Agreement has not yet been reached in the EC on the transport of animals, but we are pressing to ensure that animals are properly cared for on all journeys in the Community.
In a report published today, the Select Committee on Agriculture says that the Minister should stand firm against any degradation by the EC of United Kingdom safeguards for animals in transit. It also says that the United Kingdom's minimum values system, which prevents horses and ponies from being exported for slaughter, must be retained. Public opinion is overwhelmingly in favour of those recommendations. Will the Minister accept them and show some gumption by saying no to the transport of live animals for slaughter after 1992?
Ever since I became an Agriculture Minister, we have been saying exactly the same thing every month at the Dispatch Box. We will fight for the retention of minimum values and we will continue to fight for a welfare regime for animals in Europe that uses the best examples of the British system. We have our own excellent rules. We have been standing firm; we are standing firm; and we will continue to stand firm.
Our EC partners seem to regard directives as lofty aspirations rather than detailed rules to be followed to the letter. What guarantee have we that, even if a good deal is struck, the regulations will be enforced?
My hon. Friend has put her finger on a good point. That is why we are determined that an enforcement system should operate in Europe which applies to all member states. This country has excellent enforcement procedures, not only through the Government but through animal welfare organisations, which are terribly anxious to ensure that animals are treated properly in transit. Many other EC countries do not have the same cultural attitude towards the protection of animals; that is why an EC-wide inspectorate is essential if our high standards are to be applied in every corner of the Community.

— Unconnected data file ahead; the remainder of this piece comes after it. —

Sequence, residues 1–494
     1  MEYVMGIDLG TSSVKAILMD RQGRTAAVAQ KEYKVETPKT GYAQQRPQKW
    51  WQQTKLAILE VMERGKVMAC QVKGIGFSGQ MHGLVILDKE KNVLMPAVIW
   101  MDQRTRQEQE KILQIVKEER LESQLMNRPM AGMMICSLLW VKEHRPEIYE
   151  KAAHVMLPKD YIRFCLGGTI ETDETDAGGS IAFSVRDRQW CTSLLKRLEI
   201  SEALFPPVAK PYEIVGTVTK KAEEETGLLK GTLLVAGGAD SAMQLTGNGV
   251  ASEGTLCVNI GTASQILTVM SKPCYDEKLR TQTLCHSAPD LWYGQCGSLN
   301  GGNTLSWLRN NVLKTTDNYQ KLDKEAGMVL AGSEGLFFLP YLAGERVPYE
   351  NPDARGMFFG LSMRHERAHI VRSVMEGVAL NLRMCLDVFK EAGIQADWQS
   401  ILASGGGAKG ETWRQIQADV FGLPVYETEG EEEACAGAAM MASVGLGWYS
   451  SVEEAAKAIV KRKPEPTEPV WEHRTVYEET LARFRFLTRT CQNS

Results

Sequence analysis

I say this with the best will in the world. Does not the Minister agree that many more live animals will be transported to the Continent next year and the year after because of our lack of slaughtering facilities? Many slaughterhouses will close in the next six months. What plans does the Minister have to solve the problem?
The hon. Gentleman is one of the nicest Opposition Members, but as he is a spokesman for the Liberal Democratic party—which only yesterday published a federal document—I will not take his advice, or that of his hon. Friends, on how we can negotiate strongly and robustly in Europe. Liberal Democratic party policy is to say to Mr. MacSharry, "Please take this shirt off my back—and here is a spare one for Mr. Delors."